Are best practices good for compliance ?

In Copycat Compliance and the Ironies of “Best Practice”

William R. Heaston of the Wharton School at the University of Pennsylvania argues:  

For too long, corporate compliance “best practices” have been hiding plain sight. While they are readily invoked, compliance scholars have yet to examine them in any depth. This Comment provides a corrective, arguing that a confluence of inter- and extra-organizational forces drive in many firms to engage in copycat compliance whereby they mimic other firms’ “best practice” compliance structures. This tendency reveals two potentially problematic ironies about so-called “best practices” in the corporate compliance domain. First, they tend to reflect common practices rather than practices that are, in fact, “best.” Second, a formalistic focus on copying common practices may well undercut some of the most important or “best of the best” practices in compliance management—the promotion of ethical behavior within corporations and the customization of compliance structures so that they mesh with prevailing organizational cultures. In light of these ironies, this Comment proposes a conceptual framework that may provide a basis for identifying more fruitful types of convergence on common compliance best practices. Such best practices would trade rote mimicry for a more functional approach that permits greater variation in compliance structures and processes to suit the particular operational, cultural, and ethical needs of implementing firm.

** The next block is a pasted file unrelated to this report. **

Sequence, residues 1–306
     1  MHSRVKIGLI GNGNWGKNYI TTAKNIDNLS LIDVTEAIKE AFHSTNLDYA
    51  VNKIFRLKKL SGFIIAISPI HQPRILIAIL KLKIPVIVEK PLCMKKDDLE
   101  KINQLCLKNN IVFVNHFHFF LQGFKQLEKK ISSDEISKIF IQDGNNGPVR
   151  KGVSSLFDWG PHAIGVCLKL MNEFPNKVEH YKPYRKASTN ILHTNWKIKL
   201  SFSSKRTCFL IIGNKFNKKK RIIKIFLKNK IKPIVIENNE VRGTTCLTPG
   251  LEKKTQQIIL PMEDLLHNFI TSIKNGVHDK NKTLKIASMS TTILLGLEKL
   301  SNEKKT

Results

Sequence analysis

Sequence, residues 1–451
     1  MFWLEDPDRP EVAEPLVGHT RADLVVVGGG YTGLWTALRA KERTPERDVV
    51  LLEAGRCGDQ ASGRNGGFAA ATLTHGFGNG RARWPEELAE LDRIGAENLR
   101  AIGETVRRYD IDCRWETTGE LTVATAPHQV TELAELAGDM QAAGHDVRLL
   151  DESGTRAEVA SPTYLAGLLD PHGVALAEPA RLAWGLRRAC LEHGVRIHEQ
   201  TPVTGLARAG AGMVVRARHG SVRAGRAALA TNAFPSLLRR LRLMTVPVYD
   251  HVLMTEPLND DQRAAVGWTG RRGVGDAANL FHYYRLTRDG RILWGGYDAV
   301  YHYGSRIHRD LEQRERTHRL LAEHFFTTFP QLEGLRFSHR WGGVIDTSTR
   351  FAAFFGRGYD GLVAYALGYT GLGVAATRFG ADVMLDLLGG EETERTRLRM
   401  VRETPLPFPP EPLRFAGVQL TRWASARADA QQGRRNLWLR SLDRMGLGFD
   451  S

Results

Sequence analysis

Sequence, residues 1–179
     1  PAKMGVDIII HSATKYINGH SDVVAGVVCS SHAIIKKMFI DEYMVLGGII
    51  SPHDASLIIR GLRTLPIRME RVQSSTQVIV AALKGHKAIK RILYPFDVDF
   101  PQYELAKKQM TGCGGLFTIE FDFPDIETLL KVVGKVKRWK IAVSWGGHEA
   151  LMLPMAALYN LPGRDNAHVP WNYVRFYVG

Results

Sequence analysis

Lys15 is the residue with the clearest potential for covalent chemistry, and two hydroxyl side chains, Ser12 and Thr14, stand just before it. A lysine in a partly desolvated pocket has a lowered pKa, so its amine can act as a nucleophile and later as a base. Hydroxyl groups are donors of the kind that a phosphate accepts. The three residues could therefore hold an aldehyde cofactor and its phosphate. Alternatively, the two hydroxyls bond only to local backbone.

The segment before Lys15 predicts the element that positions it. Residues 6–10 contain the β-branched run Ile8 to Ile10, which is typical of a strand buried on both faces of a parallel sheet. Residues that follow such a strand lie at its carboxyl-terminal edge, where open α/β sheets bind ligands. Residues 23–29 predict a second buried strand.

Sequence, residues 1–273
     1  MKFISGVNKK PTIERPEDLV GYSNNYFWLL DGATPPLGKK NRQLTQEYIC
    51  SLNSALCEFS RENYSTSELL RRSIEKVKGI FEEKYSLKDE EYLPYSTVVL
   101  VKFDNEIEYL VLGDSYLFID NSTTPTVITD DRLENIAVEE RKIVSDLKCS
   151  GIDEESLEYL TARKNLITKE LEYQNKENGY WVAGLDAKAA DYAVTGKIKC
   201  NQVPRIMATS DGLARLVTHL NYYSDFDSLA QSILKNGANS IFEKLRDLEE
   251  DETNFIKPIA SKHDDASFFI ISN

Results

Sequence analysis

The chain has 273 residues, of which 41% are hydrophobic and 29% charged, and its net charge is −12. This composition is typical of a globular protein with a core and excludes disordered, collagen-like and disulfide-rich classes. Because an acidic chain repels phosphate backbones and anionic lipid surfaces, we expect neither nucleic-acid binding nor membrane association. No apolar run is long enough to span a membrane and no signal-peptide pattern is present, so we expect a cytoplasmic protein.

(Note that Heaston’s conceptual framework is too complex to cover in this short blog. I encourage you to read the piece in its entirety.)

Based on what I have seen in my 35 years working in the  compliance and ethics field I tend to agree that there is too much rote activity when it comes to designing and implementing compliance programs.

I also believe what this problem is indeed likely to be remedied over the course of time as enforcement personnel and other key players in the field become more sophisticated “consumers” of compliance.   

This is true of many C&E functions, but particularly so regarding risk assessment/management.  Unlike many other parts of a compliance program risk assessment can leave a program with “nowhere to hide,’ when it tries to demonstrate that  it has implemented all or part of a “best practice” program of the like.

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